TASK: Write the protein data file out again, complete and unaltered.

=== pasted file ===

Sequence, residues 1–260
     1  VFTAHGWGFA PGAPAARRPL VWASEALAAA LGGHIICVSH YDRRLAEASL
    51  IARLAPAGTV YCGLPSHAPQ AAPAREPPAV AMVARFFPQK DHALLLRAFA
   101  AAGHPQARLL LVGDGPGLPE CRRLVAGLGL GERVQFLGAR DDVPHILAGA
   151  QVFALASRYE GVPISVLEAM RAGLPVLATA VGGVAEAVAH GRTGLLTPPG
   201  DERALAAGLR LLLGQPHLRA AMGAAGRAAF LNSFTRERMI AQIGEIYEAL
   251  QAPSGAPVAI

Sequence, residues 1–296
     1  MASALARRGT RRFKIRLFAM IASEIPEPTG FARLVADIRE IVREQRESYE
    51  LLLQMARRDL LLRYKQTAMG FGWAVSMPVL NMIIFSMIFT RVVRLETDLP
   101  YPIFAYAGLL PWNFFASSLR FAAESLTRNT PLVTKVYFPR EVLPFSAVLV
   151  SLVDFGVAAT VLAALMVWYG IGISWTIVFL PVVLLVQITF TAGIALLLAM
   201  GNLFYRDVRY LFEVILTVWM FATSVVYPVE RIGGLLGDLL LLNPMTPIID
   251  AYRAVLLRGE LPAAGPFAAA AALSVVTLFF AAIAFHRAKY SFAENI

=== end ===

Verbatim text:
Sequence, residues 1–260
     1  VFTAHGWGFA PGAPAARRPL VWASEALAAA LGGHIICVSH YDRRLAEASL
    51  IARLAPAGTV YCGLPSHAPQ AAPAREPPAV AMVARFFPQK DHALLLRAFA
   101  AAGHPQARLL LVGDGPGLPE CRRLVAGLGL GERVQFLGAR DDVPHILAGA
   151  QVFALASRYE GVPISVLEAM RAGLPVLATA VGGVAEAVAH GRTGLLTPPG
   201  DERALAAGLR LLLGQPHLRA AMGAAGRAAF LNSFTRERMI AQIGEIYEAL
   251  QAPSGAPVAI

Sequence, residues 1–296
     1  MASALARRGT RRFKIRLFAM IASEIPEPTG FARLVADIRE IVREQRESYE
    51  LLLQMARRDL LLRYKQTAMG FGWAVSMPVL NMIIFSMIFT RVVRLETDLP
   101  YPIFAYAGLL PWNFFASSLR FAAESLTRNT PLVTKVYFPR EVLPFSAVLV
   151  SLVDFGVAAT VLAALMVWYG IGISWTIVFL PVVLLVQITF TAGIALLLAM
   201  GNLFYRDVRY LFEVILTVWM FATSVVYPVE RIGGLLGDLL LLNPMTPIID
   251  AYRAVLLRGE LPAAGPFAAA AALSVVTLFF AAIAFHRAKY SFAENI